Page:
El Nino weather pattern improves 2014 hay outlook

News
Jun 6, 2014

Historically high prices in the hay markets are expected to continue for the fourth year in a row, with tight supplies and continued drought in parts of the U.S. But there is some hope that the expected El Niño weather pattern may offer some relief on the production end, and may return hay prices closer to a normal range. California remains the largest drought area, with no signs of improvement for the hay crop in the state.

The May 9 USDA-NASS Crop Production report indicates that U.S. hay stocks on farms on May 1, 2014, totaled 19.18 million tons, a 35-percent increase over the 2013 figure of 14.16. With December 1, 2013, stocks reported at 89.30 million tons, the implied December-

May disappearance is 70.13 million tons, up from the 62.39 million tons reported for the same period in 2012/13.

Increased year-to-year hay disappearance was encouraged by relatively more abundant hay supplies, estimated at 150.1 million tons in 2013/14 and up from 141.3 million in 2012/13, and lower prices: $179 per ton for 2013/14 compared to an average of $187 per ton for the 2012/13 marketing year.

The Prospective Plantings report indicates that producers intend to harvest nearly the same number of hay acres in 2014 as in 2013, approximately 58.3 million acres total. In combination with declines in livestock numbers, hay supplies available per RCAU (Roughage

Consuming Animal Units) are expected to rise in 2014/15. Increased hay supplies and a decline in the price of other animal feeds are likely to put downward pressure on hay prices through 2014.

Markets:

California—Compared to the previous week, prices traded mostly steady to firm in most areas by May 30. Demand remained very good in all regions on active trading activity. The supply of hay in California is very tight as regions 2 through 6 are in full production. Region 1 is still about two to three weeks away from first cutting. All prices reported FOB at the stack or barn unless otherwise noted. Regions are defined at bottom of report.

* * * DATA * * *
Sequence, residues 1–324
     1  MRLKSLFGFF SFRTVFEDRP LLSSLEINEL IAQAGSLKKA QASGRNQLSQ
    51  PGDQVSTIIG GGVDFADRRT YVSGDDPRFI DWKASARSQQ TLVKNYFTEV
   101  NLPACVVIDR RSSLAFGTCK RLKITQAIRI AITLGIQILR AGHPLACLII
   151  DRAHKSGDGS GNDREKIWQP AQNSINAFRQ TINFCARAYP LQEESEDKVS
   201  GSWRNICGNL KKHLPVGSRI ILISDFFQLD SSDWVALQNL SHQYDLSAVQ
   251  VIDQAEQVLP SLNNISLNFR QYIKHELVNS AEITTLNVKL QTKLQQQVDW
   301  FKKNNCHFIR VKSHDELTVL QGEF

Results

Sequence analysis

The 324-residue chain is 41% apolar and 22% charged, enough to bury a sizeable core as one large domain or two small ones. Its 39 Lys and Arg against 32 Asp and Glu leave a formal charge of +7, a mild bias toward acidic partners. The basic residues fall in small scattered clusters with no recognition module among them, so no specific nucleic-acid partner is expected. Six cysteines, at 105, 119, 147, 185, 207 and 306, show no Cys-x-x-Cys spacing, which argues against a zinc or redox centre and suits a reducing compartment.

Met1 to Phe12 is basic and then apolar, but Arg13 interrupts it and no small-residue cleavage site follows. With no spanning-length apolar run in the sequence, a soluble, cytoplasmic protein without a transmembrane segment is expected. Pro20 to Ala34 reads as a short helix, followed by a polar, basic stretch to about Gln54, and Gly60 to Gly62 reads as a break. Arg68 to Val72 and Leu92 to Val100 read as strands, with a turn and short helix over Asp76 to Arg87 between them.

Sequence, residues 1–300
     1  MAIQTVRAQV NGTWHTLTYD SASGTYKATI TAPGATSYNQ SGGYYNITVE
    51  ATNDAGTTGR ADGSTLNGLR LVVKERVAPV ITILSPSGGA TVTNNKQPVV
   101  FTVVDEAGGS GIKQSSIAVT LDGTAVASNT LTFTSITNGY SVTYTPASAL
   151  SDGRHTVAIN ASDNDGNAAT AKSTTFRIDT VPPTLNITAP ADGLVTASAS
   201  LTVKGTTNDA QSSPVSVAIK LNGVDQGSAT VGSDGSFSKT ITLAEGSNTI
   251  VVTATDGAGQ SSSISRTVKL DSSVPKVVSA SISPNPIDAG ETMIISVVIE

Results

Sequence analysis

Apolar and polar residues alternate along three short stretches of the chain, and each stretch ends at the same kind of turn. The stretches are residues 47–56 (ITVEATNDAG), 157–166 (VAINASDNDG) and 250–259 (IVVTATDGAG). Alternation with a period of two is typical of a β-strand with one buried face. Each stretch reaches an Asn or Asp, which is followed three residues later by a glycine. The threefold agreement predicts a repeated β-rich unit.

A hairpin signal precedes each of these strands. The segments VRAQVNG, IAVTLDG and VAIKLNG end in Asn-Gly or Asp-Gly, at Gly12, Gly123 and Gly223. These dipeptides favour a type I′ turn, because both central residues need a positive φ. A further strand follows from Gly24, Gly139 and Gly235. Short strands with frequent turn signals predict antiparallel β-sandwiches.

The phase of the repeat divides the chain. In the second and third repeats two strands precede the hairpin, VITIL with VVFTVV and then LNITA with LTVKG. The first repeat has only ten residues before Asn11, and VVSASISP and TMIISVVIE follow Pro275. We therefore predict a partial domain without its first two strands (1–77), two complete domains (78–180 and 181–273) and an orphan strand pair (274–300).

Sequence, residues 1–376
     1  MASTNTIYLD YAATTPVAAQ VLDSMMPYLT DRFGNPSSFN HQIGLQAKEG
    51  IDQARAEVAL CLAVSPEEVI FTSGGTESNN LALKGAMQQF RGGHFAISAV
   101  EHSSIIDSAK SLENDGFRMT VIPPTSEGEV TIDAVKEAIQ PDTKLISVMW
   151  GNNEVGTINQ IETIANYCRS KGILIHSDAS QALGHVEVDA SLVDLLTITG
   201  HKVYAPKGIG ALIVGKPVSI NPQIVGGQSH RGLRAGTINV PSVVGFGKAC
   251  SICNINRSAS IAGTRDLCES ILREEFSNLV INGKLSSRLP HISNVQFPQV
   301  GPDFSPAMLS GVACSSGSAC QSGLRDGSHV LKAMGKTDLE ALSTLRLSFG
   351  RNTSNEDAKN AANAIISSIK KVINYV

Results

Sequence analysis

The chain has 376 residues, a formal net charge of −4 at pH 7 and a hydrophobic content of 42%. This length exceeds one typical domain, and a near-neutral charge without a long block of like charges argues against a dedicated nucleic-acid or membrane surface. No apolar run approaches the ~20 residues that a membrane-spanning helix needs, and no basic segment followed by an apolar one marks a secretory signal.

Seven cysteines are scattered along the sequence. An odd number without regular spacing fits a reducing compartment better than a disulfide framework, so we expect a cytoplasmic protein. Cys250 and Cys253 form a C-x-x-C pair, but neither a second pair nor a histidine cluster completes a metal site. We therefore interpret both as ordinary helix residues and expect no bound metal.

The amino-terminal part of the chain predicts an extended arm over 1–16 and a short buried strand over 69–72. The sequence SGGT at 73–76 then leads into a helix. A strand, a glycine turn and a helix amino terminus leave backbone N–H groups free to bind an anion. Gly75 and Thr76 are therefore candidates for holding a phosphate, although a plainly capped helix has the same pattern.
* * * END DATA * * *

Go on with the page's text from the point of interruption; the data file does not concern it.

Colorado—Compared to the previous week, hay movement was slow the week ending May 30, with steady prices and light buyer demand. According to the Natural Resources Conservation Service (NRCS), regional snowpack levels are being reported as Yampa and White 167 percent, Colorado 200 percent, North Platte 191 percent, South Platte 244 percent, Arkansas 131 percent, Upper Rio Grande 32 percent, Gunnison 166 percent, and (San Miguel, Dolores, Animas, San Juan) 73 percent. Cutting has started in northeast and southeast Colorado this past week. Moisture is still lacking in the southeast. All prices reported FOB the stack or barn unless otherwise noted. Prices reflect load lots of hay.

Kansas—Hay trade was active, with movement slow to moderate on June 3. Demand was strong for dairy and grinding alfalfa, light to moderate for grass hay and alfalfa pellets. The drought continues across most of Kansas; rains were spotty. The first cutting is progressing well, quality is good, and yields are light. A lot of the dryland acres were not harvested. Shortages of all forages and roughages are developing. If you have hay for sale or pasture to rent or need hay or grazing, use the services of the Hay and Pasture Exchange: ww.kfb.org/ commodities/haypasture/in dex.html Texas—Compared to the previous week, hay prices were steady on all classes of hay by May 30 as new crop prices are still being established. Trade activity was moderate to good and demand was good. The Panhandle received some much needed rain over the long holiday weekend last week. Feedyards and dairies are still waiting for new crop prices to be established and hoping the rain will keep prices from climbing too high. Some supplemental feeding of livestock continues in areas that have been hit hard by the drought this year. South Texas and areas that have received enough rain are busy baling Coastal Bermuda hay and hope to get some new crop prices in the next couple weeks. Prices for hay and pellets are quoted per ton except where noted.

The Texas Department of Agriculture has a Hay and Grazing hotline set up for buyers and sellers looking for hay or grazing; the number is 877/429-1998. The website for the hotline is: www.TexasAgriculture.gov/hayhotline. — Traci Eatherton, WLJ Editor

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